Traveling with CNO — Trident Training


Scoop Deck blogger Lance M. Bacon took a day trip with Chief of Naval Operations Adm. Gary Roughead this week. This is the play-by-play report.


Sailors assigned to the guided-missile submarine Florida practice skills controlling the boat in the Ships Control Team Trainer at the Trident Training Facility in Kings Bay, Ga. (photo by MTCS (SS) Nicholas Davies)


We are in the “Ships Control Trainer,” where the gold crew from the guided-missile sub Florida is being put to the test. The diving officer of the watch is giving direction to sailors manning the helm on his right, which controls minor depth changes and rudder, and the stern on his left, which controls the boat’s angle. To port, the chief of the watch is using weight and ballast to maintain depth and adjust trim.

The simulator can do a 45-degree angle and 39-degree roll, which is more than twice what the crews will normally see. Florida’s crew doesn’t get hit with such extremes, but there is no shortage of alarms sounding nonetheless.  The crew remains calm throughout – and under the chief of the boat’s watchful eye.


Scoop Deck has entered the “Virtual Simulator” with Wyoming’s gold crew. A lieutenant junior grade has a simulator strapped to his head, making him look like X-Men’s Cyclops on steroids.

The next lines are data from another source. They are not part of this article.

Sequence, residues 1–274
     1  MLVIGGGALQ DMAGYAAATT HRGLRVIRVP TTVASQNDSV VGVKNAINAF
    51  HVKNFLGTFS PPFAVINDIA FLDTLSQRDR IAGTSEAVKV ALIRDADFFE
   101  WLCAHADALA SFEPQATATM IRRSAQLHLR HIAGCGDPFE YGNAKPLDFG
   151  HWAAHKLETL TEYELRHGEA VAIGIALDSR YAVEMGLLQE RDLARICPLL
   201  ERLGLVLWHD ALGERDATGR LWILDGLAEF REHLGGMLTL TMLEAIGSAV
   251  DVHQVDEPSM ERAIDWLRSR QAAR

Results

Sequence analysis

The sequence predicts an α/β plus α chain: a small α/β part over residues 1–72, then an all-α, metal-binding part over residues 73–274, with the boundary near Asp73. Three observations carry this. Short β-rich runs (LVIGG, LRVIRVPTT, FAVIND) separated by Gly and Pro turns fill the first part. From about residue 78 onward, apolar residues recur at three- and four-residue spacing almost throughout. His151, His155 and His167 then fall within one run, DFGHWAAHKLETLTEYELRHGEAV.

Junior officers on the boomers and GNs don’t get a lot of time to drive the sub in the open ocean. They may be surfaced 12 hours going out, take a three-month dive, and then get 12 hours coming in. This is the solution.

This virtual reality simulator gives them the practice they need, replicating numerous ports in ever-changing weather conditions. As the navigation team feeds him info, the officer stands in a near-scale sail and does a 360-degree search for virtual contacts. From a tanker in the distance to a fast approaching sailboat, nothing gets past the team.


Fire, fire, fire!

The training center has a mock-up engineering space for fire training. And we’re not talking about little camp fires – we’re talking about being fully engulfed by heat that pushes you back as your duty pushes you forward. After all, everyone on board a sub is a damage control specialist.

“Most people run from a fire. A submariner runs to the fire,” said MTCS (SS) Nicholas Davies, senior enlisted adviser for the Strategic Weapons Department. “If you run from a fire on a sub, you’ll die.”


About Author

A Navy brat who spent eight years in the Marines (two years aboard the carrier Independence). Worked in journalism in Eastern North Carolina through the latter part of the 90s, then became editor of Air Force Times in 2000. Stayed there five years, then took a break to finish some school. Now back in the game with Navy Times.

1 Comment

  1. Nicolas Devis has very precisely defined appointment the submariner, – to go on fire and not to run at all from fire! Younger officers should be rightly grateful to such miracle as the training apparatus of a virtual reality giving to them practice which they need!
    The educational center, copying numerous ports in ever changing weather conditions, just will help not to feel fire earlier than suddenly it would want!

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